Canon Greg+ has graciously offered to host First Blessings on Anglican Pastor.  Beginning on 13 October, previously published posts will appear on Anglican Pastor, one each day for 13 days.  Following that, I plan to post twice monthly, God willing.

As Canon to the Ordinary, Fr. Greg+ was instrumental in shepherding me through the discernment and ordination process.  It is a blessing to me to continue our association in this new way.

I invite you to join me at Anglican Pastor.  I have always found the writing there to be theologically and pastorally rich and helpful.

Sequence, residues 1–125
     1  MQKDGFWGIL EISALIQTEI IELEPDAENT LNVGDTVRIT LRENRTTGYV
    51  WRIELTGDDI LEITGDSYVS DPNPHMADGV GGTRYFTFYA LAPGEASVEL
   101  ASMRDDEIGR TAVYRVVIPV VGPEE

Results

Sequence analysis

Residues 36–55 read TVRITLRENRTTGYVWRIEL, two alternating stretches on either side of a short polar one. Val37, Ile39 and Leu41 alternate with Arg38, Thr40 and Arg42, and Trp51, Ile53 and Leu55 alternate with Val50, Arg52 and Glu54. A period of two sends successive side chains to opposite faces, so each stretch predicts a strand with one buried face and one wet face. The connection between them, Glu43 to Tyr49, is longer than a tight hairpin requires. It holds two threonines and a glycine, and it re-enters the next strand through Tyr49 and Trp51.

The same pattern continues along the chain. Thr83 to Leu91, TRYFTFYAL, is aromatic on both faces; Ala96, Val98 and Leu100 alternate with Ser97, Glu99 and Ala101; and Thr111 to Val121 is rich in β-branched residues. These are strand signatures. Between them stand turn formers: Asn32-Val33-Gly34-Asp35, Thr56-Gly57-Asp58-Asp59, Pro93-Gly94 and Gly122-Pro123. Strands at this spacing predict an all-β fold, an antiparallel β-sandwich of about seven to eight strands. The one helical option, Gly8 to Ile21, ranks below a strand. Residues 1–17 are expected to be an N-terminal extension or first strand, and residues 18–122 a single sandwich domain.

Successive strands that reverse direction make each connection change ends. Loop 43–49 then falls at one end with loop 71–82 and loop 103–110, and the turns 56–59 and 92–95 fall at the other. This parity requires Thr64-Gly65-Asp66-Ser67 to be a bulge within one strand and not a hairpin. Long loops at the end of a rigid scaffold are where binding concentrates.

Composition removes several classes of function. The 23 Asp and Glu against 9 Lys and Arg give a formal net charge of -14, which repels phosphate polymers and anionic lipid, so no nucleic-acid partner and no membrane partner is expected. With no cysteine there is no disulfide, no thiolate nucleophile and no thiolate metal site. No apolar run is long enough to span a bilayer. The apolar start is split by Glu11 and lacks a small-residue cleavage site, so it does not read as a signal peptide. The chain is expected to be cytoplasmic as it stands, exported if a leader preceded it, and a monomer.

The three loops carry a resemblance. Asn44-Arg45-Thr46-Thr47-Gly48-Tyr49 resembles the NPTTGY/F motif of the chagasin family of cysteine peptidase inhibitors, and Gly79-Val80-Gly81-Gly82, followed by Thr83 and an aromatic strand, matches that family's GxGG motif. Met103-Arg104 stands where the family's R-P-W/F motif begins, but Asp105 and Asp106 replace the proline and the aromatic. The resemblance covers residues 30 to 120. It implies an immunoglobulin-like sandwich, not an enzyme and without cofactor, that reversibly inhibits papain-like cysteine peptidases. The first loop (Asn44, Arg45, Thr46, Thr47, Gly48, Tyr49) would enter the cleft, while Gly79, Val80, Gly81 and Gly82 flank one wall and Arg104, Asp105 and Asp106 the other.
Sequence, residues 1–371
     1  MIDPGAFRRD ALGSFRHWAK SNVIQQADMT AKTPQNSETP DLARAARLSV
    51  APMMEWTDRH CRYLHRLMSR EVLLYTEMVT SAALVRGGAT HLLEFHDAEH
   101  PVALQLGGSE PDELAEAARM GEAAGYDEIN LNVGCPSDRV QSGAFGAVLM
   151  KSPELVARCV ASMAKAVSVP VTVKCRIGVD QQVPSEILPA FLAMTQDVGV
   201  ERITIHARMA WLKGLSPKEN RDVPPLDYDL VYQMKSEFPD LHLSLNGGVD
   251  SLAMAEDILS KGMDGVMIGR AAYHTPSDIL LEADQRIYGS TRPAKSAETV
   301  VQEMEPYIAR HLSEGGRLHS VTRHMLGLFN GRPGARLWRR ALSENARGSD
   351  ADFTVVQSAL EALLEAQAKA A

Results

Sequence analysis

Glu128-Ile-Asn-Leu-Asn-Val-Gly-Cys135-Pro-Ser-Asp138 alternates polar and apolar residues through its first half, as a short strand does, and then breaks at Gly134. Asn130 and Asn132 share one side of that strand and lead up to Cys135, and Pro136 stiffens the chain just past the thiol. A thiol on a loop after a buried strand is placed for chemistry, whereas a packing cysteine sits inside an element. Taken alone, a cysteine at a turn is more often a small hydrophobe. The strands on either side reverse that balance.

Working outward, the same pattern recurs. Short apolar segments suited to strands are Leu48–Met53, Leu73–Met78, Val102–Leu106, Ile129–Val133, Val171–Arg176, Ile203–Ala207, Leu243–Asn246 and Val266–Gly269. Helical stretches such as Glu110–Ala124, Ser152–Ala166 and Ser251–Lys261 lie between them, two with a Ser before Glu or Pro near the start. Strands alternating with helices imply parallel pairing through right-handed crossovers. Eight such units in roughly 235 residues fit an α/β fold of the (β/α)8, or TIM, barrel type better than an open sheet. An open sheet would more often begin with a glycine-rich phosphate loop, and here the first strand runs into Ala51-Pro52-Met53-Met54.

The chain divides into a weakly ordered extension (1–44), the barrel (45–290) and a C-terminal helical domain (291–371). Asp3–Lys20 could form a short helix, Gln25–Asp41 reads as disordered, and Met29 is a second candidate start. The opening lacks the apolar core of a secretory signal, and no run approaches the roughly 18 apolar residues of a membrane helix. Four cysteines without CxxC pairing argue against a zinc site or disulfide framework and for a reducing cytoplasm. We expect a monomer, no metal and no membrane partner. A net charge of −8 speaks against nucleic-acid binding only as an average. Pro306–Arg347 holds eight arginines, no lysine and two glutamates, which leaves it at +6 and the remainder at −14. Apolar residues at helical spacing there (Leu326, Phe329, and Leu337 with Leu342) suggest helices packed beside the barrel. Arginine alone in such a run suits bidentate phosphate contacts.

I also plan to maintain the separate First Blessings site for those rare occasions when I wish to post an article that might not be in keeping with the ethos of Anglican Pastor or the interests of its readers.  Frankly, I cannot imagine what that would be, but you never know.


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A Baptismal Affront

Thebaptismal font Baptism of young Children is in any wise to be retained in the Church, as most agreeable with the institution of Christ (Article XXVII).